“I’m delighted and honored to receive this very personal, very vocal and very meaningful award,” Bassler said. “It is a privilege to live and work in this state, and I thank the New Jersey Chamber of Commerce for supporting the economic engine on which New Jersey relies.”
“Your advocacy, especially in the realm of innovation, provides a healthy environment in which the members of my team and I are encouraged to live within our minds … with the grand goal of making medicines that will improve human health across the globe,” Bassler said.
The New Jersey Chamber of Commerce created the Alice H. Parker Women Leaders in Innovation Award last year to celebrate and salute the role women have played in New Jersey’s rich legacy of innovation, and to encourage gender diversity in business.
“The importance of Bonnie’s work cannot be overestimated, as medical professionals report more and more strains of bacteria becoming resistant to current antibiotics,” Tom Bracken, CEO and president of the New Jersey Chamber of Commerce, said. “Bonnie’s work is crucial to the medical field and equally important in ensuring New Jersey remains a leader in medical research.”
After receiving additional congratulations from Linda Bowden, regional president of PNC Bank and vice chairman of the board of the New Jersey Chamber of Commerce, and a congratulatory video message from Lt.Gov. Kim Guadagno, Bassler was introduced by the undergraduates, graduates and post-doctorates that comprise her research team.
“These scientists came to work with me in spite of my being a woman, knowing that by partnering with me, their work would also be undervalued,” Bassler said. “These are the women and men who made the discoveries for which I am being honored. I accept this award on behalf of my lab and I thank you for this prize that celebrates women’s contributions to science and innovation.”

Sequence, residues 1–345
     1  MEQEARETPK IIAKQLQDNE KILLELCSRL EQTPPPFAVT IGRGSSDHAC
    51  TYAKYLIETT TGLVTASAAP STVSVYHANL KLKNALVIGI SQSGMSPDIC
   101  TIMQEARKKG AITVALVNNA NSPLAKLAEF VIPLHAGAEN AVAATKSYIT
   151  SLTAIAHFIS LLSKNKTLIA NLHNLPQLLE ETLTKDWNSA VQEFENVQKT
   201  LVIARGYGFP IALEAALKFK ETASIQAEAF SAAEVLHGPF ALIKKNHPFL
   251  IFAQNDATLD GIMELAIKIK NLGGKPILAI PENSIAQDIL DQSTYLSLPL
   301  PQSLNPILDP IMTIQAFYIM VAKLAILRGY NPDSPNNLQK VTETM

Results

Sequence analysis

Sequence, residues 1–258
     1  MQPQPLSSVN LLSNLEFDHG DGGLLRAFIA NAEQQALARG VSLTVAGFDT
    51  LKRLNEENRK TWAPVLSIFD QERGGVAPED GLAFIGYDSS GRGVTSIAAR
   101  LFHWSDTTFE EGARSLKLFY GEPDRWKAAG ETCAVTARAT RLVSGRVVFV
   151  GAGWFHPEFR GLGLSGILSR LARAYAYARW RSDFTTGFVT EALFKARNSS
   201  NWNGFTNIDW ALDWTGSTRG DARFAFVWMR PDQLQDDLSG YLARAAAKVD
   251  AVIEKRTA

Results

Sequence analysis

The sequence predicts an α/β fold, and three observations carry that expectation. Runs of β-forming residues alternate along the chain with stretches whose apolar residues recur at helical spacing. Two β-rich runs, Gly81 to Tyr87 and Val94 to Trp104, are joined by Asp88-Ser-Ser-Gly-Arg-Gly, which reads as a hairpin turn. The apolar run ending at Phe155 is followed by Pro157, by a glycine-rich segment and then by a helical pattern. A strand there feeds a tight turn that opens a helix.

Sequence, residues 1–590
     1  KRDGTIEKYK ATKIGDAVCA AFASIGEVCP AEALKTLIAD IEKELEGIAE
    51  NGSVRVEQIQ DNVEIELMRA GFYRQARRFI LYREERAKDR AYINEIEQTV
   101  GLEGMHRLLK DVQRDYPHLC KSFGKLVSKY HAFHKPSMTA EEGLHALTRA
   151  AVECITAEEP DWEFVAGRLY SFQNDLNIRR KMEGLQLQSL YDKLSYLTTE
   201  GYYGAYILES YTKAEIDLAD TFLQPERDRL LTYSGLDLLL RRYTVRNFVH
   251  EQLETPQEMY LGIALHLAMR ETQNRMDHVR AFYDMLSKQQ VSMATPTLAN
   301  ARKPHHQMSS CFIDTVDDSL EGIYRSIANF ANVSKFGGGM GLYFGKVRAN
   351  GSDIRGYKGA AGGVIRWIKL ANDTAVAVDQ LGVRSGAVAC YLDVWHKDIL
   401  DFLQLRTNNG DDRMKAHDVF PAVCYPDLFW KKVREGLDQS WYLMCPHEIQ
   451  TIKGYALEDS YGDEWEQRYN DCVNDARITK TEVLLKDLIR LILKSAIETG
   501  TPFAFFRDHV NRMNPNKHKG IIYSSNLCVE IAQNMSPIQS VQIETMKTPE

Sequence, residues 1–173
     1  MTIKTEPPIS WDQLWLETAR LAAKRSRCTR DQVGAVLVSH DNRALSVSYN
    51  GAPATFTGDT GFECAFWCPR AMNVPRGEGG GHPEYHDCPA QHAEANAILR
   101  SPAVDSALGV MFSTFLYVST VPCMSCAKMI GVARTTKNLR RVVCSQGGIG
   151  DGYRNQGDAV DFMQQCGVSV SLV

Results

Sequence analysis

Princeton University hired Bassler, a Chicago native, in 1994 after she had earned her Ph.D. in biochemistry from Johns Hopkins University.
“Princeton gave me a shot by hiring me at a time when my scientific ideas that bacteria can communicate and act as collectives were completely fringe and most certainly not embraced by the scientific community,” Bassler said. “That was compounded with the issue that, 22 years ago, science departments rarely hired women.
“The New Jersey school bucked both of those trends when they took me on. I made my home here, I built my lab here and, ultimately, people from all over the world moved to New Jersey to work with me.”
Bassler said she is lucky that one of the only gender-diversified Tier One biology departments in the country noticed her.
“That is probably why I succeeded,” she said. “I am so lucky to work in this fantastic department at Princeton University where they have built a non-bias culture.”
Bassler Lab at Princeton conducts research into how bacteria communicate with one another through a chemical process called “quorum sensing” to coordinate their invasions of plants, animals and people.
“My lab showed that bacteria require cell-to-cell communication to cause infection. They work in groups to kill you,” Bassler said. “Our idea is to interfere with bacterial communication to stop bacteria from harming us. Such communication manipulation strategies would form the basis of entirely new antibiotics, contributing to one of the world’s most pressing and unmet needs.
“Such medicines, because they interfere with communication rather than kill harmful bacteria, would work in fundamentally different ways than any antibiotic has ever worked in history.”
Bassler hopes her team’s research will help to stop “superbugs” from becoming even more prevalent.
For Fry’s full story, click here.